Family Values & RelationshipsOver 5

The Mirror Child




The Mirror Child


Ever wonder why you automatically yawn when you see someone yawning or why you find it difficult to hold your tears back when you see someone crying? The mechanism that allows this are your mirror neurons – neurons that fire in your brain when you watch someone doing an action, telling you to do the same. So by simply observing, you think and feel the same as the person in front of you when you ‘mirror’ their action.

In the same way, our behavior and actions can directly affect those around us. Ever catch yourself saying, ‘I feel drained when I’m around this person,’ or ‘I began smoking again because I’m always around x.’ Whether or not we intend so, our thoughts and actions resonate on those around us and can create a ripple effect of the same feelings.

Knowing the magnitude of influence your behavior has, how do you think this might be affecting those around you? How about the influence you have on those that look up to you the most- your children. Children are exceptionally very good ‘mirrors’ in that they visually reflect the image of those they spend time with the most. If you are curious about your parenting style, look into your live mirror – your child.

Children have the capability to sponge information, knowledge and of course, behavior. A parent I was recently speaking to mentioned, ‘My 3 year old daughter is also scared of dogs just like me.’ Instead, could it be that her daughter sees her mom shivering, screaming and frightened from the sight of a dog and so made the correlation that dogs are scary? When you’re having a bad day, your child can pick this up through your behavior and reciprocate it. It’s not that children choose to ‘annoy’ you on ‘bad’ days, but rather they see you stressed, loosing your temper and worried, which resonates anxiousness in them.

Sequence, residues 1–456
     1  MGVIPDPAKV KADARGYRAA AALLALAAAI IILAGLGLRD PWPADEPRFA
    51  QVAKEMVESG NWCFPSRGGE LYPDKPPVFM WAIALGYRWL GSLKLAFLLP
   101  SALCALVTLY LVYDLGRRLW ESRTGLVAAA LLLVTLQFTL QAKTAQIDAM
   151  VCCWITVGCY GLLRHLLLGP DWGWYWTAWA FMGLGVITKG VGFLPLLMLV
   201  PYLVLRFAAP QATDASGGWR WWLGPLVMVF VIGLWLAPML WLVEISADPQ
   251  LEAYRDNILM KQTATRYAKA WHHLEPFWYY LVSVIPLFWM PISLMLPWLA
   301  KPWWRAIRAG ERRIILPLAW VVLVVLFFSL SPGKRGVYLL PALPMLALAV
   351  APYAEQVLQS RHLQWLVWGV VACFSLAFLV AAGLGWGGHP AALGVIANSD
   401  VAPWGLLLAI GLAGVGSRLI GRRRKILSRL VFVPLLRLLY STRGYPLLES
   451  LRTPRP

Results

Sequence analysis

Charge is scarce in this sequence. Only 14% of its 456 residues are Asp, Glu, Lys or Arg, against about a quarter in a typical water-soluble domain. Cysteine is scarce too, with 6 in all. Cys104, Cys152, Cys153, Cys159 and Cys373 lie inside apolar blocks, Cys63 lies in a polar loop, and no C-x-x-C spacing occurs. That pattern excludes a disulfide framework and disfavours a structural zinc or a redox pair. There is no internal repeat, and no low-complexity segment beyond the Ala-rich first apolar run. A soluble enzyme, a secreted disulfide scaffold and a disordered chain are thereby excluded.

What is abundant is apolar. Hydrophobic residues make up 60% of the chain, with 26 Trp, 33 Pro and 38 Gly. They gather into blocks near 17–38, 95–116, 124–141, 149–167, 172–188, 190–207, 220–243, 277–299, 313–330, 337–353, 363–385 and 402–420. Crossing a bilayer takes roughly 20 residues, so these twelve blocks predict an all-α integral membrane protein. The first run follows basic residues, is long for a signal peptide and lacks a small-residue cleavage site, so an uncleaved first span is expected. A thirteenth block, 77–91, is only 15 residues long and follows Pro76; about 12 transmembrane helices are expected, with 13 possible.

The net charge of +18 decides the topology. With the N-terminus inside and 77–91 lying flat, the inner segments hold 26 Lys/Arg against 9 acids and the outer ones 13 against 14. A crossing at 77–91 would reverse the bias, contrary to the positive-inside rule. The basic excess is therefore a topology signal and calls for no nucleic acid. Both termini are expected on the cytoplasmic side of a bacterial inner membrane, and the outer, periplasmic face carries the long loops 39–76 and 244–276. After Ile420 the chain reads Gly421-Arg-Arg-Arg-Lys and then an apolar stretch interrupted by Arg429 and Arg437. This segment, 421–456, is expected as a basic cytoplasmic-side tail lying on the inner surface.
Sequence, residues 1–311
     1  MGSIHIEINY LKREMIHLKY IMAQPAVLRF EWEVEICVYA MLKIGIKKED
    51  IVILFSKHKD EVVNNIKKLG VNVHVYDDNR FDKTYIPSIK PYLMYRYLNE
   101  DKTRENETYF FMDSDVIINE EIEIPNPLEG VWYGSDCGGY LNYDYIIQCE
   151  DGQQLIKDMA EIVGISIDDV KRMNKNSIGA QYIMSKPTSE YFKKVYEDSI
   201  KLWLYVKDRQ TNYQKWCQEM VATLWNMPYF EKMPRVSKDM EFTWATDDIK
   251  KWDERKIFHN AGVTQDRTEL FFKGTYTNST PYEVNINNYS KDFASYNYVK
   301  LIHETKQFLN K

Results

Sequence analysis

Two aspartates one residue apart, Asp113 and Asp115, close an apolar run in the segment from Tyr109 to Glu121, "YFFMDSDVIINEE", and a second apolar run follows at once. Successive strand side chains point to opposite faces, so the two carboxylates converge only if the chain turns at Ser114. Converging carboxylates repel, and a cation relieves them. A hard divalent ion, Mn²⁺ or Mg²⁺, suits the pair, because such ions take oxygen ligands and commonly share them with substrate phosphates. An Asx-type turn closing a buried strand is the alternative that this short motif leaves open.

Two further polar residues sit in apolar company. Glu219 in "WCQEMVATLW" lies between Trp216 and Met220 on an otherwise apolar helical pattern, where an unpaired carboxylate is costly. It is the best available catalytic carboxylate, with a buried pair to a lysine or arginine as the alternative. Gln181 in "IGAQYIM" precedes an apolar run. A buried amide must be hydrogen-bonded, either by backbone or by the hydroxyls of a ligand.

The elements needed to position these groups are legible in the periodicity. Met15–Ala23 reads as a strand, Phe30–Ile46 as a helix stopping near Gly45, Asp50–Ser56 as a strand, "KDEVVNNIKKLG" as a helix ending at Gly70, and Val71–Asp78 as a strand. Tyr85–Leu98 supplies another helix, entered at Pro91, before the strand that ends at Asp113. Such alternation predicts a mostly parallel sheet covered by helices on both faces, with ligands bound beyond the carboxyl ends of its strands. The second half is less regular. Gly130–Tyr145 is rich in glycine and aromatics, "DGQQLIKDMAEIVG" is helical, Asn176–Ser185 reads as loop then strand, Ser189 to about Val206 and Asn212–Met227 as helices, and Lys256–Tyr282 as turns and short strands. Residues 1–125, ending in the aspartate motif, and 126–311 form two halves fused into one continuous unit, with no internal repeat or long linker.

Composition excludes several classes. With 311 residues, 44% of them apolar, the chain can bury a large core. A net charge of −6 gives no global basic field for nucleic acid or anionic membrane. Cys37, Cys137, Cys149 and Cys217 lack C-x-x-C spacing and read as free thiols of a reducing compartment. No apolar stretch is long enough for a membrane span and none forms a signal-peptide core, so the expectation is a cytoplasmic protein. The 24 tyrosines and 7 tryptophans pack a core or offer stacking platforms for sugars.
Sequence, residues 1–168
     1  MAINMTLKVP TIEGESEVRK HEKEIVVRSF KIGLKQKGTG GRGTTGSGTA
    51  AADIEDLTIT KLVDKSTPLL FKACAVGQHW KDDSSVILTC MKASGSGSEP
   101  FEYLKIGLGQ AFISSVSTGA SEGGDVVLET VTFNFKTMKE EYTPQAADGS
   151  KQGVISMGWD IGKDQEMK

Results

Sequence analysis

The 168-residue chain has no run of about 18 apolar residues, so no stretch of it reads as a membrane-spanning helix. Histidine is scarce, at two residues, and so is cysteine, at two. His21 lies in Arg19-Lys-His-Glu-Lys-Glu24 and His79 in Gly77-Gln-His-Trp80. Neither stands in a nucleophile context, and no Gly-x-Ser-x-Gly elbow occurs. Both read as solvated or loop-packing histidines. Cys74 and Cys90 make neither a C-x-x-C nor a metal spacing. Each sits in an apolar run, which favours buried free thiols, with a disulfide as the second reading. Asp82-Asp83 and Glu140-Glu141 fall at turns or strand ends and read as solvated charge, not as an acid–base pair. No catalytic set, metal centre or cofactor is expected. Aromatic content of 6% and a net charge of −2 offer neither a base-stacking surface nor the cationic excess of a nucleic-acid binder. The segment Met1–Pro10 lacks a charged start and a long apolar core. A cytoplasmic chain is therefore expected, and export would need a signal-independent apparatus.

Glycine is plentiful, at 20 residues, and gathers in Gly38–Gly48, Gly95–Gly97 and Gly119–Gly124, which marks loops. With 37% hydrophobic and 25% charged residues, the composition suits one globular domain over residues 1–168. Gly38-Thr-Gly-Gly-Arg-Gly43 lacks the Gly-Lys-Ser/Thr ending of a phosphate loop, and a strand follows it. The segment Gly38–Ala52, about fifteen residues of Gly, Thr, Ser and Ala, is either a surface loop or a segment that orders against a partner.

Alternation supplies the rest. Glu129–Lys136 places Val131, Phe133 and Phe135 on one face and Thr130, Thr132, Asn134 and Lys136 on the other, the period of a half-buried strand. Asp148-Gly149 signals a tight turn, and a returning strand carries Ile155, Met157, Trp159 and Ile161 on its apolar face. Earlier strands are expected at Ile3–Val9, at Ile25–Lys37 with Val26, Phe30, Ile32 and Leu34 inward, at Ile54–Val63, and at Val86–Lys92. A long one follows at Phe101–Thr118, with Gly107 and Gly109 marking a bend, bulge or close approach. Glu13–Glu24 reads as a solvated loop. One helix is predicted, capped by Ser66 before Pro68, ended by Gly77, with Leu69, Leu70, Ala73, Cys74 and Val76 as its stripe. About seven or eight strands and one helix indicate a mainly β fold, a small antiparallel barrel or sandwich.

Be kind to them, show them how to ‘use their words’ when angry, demonstrate responsibility and leave room for them to mirror that too. Yes, we all may loose it sometimes and shout, yell or scream on a bad day, but that doesn’t mean you still can’t model good values after that. By apologizing you can model room for forgiveness, by explaining your reaction you can model that it’s ok that sometimes feelings are not controlled and by admitting you made a slip-up you can model a concept that is key for all children; everyone makes mistakes sometimes and that’s ok.


Demonstrate honesty by saying the truth as to why his/her Halloween candy is gone rather than ‘the monster ate them.’ Teach respect by giving it to your child with simple phrases as ‘please’ ‘thank you’ and ‘your welcome.’ Encourage generosity by involving your child in charitable activities as donating toys or clothes together. Most importantly, model compassion, we easily forget that children reciprocate the emotions they receive, the more love we give them, they more love they can offer themselves first then those around them.


You need a break. It’s ok to say it and its definitely ok to have it! Parenting can be draining sometimes and it’s essential that you take care of yourself first before you can give to others. So refuel yourself with what energizes you to keep going; a warm bath, a coffee with a friend or hitting the gym; whatever it is, you owe yourself that!

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Amina Diab

Amina is a child psychologist, parent educator and coach. She is also currently a doctoral researcher in Education at the University of Bath, UK. After completing her masters in child & adolescent psychology, Amina worked with a variety of children ranging from behavioral issues to developmental disorders. Her certifications in positive discipline and parent coaching allow her to form the bridge between parent education and child therapy as she provides tools and proven strategies to empower parents when raising their children. Amina’s goal is to provide her clients with positive parenting tools to create a strong child-parent relationship based on the foundations of love, trust and growth.

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